October 30, 2015

10/29/15 – He’s so Orenginal

Artist: Oren Goldenberg

Location: The Clique

Breakfast:

OG – Coffee (milk, not 1/2 & 1/2), vegetarian omelet, grits, side of pancakes (did not have to look at menu)

SRS – Coffee (black), traditional hash, eggs over medium, side of pancakes (some of Oren’s grits–probably about 10%)

This BWTA was a fortuitous and spontaneous reschedule of an earlier attempt to breakfast together, delayed because we both were victims of the insanely bad seasonal flu this year. And also ironic, because something Oren and I established very quickly is that we are both typically people who do what we say we are going to do, and follow through pretty hard on our commitments. It’s a good thing that we were both sick, so neither of us had to grapple with diminished expectations.

Follow through is one of those things that seems so fundamental to success, it is surprising how little it is taught in a specific way. We are all busy people, doing our best to manage priorities in a hectic world. We all worry about the things we want when we want them, and then don’t worry quite as much as the things other people want from us. But we also all have to work collaboratively sometimes, which means things beyond our control (which for a certain type of person–I’m not saying who, but it is me–is already shaky ground). But it should be understood that there are people who talk about stuff and people who be about stuff, and when one of you talkers engages one of us doers…just by talking, you have triggered a series of actual things happening, in our mind, and we are going to be insanely frustrated with you when we do our part, and find that nothing has happened on your end. I know you think you were just imagineering possibilities, but actually what you did was create a verbal contract, and now you’ve defaulted on it. This isn’t to say one type of person is better than another, but it does point to a kind of basic communication difference, and it does underscore an element of professionalism that can be crucial to being taken seriously.

What it means, in terms of breakfast, is that Oren and I both came ready to rumble. He has discovered a collaborative partner who followed-through Oren’s piece for ArtX 2015, A Requiem for Douglass, to the tune of a 48-page thesis on the role of lament in society. Oren’s piece, which involved a ritualized and collective dealing with the dismantling of the Douglass-Brewster projects (which had loomed, vacant, above the freeway for my entire tenure in Detroit) as a symbol for changing spaces and our relationship with them, how we grieve them, how we accept that change. In Detroit–a place that has been frozen by certain issues for a long time, and is suddenly, meteorically, changing–this is a particularly necessary and relevant concept to be explored. As both an artist and a doer, I can really appreciate Oren’s excitement around this person’s response to his work.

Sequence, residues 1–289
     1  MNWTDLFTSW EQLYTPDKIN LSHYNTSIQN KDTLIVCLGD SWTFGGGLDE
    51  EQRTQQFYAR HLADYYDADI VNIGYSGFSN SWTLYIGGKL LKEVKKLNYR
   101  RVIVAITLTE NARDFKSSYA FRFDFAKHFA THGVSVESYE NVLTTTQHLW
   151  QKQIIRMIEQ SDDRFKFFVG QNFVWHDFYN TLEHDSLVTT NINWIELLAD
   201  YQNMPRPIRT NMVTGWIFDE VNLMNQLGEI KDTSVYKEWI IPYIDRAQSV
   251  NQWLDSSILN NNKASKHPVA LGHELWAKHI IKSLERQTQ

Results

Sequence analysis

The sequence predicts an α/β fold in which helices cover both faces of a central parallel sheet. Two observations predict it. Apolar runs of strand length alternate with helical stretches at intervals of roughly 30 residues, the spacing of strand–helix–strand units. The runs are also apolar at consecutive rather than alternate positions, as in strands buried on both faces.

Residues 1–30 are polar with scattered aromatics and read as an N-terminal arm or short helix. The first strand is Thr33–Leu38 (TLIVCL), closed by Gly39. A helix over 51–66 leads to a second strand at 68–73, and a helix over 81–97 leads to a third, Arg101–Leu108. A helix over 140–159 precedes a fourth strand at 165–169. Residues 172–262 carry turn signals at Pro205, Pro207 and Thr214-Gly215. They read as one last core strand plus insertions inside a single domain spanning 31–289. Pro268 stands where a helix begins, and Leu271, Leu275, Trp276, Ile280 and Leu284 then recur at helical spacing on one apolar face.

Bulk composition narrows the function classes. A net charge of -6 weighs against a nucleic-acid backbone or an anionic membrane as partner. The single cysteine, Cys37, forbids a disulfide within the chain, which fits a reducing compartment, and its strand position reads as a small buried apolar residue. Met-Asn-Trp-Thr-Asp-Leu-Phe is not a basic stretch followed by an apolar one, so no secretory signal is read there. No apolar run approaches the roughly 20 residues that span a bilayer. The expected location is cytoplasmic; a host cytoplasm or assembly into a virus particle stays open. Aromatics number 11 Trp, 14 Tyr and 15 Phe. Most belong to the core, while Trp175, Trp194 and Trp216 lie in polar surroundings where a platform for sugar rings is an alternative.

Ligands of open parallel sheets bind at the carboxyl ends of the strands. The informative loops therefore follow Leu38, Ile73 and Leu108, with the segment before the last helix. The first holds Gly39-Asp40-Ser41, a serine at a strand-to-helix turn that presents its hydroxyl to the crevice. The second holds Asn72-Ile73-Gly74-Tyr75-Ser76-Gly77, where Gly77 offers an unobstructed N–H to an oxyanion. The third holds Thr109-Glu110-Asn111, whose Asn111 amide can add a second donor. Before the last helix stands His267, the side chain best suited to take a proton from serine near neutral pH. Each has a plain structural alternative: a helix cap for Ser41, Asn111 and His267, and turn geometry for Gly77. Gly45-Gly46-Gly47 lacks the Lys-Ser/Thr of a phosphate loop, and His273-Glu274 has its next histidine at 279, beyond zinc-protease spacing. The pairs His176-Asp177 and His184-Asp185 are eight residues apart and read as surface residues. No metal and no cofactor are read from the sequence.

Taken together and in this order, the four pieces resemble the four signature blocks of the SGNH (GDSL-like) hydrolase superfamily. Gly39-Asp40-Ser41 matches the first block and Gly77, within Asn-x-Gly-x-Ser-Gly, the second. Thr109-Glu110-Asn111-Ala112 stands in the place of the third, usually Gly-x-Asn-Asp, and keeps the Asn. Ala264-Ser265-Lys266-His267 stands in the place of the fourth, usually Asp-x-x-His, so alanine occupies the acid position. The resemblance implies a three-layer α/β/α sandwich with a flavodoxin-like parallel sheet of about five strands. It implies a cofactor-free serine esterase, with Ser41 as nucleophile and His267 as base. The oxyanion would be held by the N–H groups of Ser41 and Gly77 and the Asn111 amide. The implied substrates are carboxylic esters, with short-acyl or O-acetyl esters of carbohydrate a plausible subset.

We also talked KAF13-to-KAF15 about the dynamics and impact of the Kresge Fellowship. For me, it has been important to recognize that I have an opportunity to switch from survival mode to growth–easier said than done, when I’ve been hanging over the precipice for a long time. It is hard not to make fear-based decisions, designed to maximize a sense of security (that, not to be dark, but amounts to false security anyway), and instead use this as an opportunity to double down hard in the direction of my work and dreams. It sounds like the challenge for Oren is to remember to leave some creative space for himself–including room for fuck-ups, dead ends, and process. When you have a preponderance of professional opportunities, it can be the hardest thing in the world to realize you might be using them to run from the scariest thing of all: your own creative needs. Work is good, we like work, but it can be an affliction like any other, and when we use it to avoid looking at who we are and how our actions match our values, we are walking out over a different kind of precipice.

One of Oren’s values, though, is sharing the wealth, and to that end, he set aside 10% of his Kresge money to act as micro-grants for non-Kresge winners. If you’re interested in that, you should get in touch with him! Here’s a hint: be prepared to follow-through.

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